According to the Bank of Spain’s economic bulletin for March, the country has already slipped back into recession, as the year started with more job losses and a slow down in economic output.
“The most recent information relating to the beginning of 2012 confirms a continuation of the contraction of activity in the first quarter of this year,” the report said.
Although the bank did not give exact figures the report said the contraction was mainly due to a decline in private consumption in January and February, falling to levels not seen since 2010. New car registrations and retail sales were both down in the first few months of the year. Export growth also slowed registering an increase, but 5.4% lower than that of Q4, 2011.
Following a drop of 0.3% in the fourth quarter of 2011, and the fall in Q1 this year, Spain is, technically, already in a second recession. Two consecutive quarters of economic contraction is considered to be a recession.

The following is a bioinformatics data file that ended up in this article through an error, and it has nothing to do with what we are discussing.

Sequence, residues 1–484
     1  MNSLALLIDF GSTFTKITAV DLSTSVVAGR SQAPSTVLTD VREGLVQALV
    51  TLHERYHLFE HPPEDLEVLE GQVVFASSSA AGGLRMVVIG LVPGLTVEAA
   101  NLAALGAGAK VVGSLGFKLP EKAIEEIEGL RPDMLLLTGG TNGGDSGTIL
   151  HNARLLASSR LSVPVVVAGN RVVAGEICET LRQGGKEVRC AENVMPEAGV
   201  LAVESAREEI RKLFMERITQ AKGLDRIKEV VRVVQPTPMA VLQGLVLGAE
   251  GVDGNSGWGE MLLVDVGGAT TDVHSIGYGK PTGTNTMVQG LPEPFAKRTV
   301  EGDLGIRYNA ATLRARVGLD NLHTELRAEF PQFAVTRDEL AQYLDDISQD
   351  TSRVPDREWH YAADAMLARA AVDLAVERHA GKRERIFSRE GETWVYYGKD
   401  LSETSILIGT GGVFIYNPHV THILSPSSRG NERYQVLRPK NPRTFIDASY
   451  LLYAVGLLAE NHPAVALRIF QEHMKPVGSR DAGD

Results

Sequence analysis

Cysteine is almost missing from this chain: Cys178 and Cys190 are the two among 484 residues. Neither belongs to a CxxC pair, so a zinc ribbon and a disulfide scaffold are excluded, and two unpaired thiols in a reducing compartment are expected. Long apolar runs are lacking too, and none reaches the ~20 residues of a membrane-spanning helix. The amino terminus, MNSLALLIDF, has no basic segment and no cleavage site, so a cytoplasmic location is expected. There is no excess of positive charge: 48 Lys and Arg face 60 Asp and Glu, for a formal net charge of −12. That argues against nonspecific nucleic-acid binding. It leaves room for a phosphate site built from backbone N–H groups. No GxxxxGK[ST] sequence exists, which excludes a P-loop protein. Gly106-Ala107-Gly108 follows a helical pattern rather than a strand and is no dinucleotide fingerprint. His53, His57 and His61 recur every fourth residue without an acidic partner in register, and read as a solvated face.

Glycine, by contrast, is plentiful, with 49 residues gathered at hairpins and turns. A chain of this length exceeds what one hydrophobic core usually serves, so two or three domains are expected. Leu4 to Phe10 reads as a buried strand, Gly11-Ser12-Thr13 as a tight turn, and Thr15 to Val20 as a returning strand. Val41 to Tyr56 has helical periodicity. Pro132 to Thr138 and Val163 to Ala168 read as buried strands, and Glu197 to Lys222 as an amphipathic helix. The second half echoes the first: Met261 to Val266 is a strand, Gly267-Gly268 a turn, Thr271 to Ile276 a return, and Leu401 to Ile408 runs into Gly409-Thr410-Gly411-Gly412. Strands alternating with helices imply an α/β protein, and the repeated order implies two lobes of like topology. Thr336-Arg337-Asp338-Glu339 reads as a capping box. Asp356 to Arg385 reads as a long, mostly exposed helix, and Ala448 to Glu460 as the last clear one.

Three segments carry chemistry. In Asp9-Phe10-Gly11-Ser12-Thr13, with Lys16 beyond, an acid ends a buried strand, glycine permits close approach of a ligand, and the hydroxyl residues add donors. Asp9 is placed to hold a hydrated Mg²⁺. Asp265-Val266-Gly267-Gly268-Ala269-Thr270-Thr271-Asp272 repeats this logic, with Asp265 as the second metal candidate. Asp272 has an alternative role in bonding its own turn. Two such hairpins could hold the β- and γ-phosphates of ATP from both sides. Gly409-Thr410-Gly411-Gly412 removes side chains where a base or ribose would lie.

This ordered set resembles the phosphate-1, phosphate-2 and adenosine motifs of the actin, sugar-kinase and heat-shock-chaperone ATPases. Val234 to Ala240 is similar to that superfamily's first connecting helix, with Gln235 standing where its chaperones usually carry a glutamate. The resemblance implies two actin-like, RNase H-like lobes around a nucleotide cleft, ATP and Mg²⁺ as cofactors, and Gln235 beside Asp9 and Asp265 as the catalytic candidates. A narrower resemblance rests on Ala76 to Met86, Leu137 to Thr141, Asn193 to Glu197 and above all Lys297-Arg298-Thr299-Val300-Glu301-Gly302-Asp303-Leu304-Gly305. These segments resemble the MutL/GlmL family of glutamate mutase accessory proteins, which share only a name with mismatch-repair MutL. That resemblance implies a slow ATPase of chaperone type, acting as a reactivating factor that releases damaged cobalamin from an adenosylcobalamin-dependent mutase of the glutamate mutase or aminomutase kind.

After a small, but noticeable increase in output towards the end of 2011 it looked like we might miss the second recession but the poor start to this year has changed that, putting Spain back where it was this time in 2010.
This country needs some serious change to get it out of this financial battle and 27 billion in spending cuts is not the way. Where are the new jobs coming from? Where is the incentive for business investment?
Changes announced in Friday’s budget include freezing public sector workers’ salaries and reducing departmental budgets by 16.9%. That’s a good idea for saving money but is it going to help public sector workers who are currently struggling to live? With some of the highest petrol prices in Europe (on Friday I paid 150.41€ for a litre of unleaded 95) and increasing costs across the board I don’t think this will help anyone.
Deputy Prime Minister Soraya Saenz de Santamaria said the nation was in an “extreme situation” and that “Our top priority is to clean up public accounts.”
Well, there is the problem. It seems to me that the governments top priority is to look better amongst it’s EU friends, rather than helping it’s people who are losing their jobs and their homes right across this failing nation.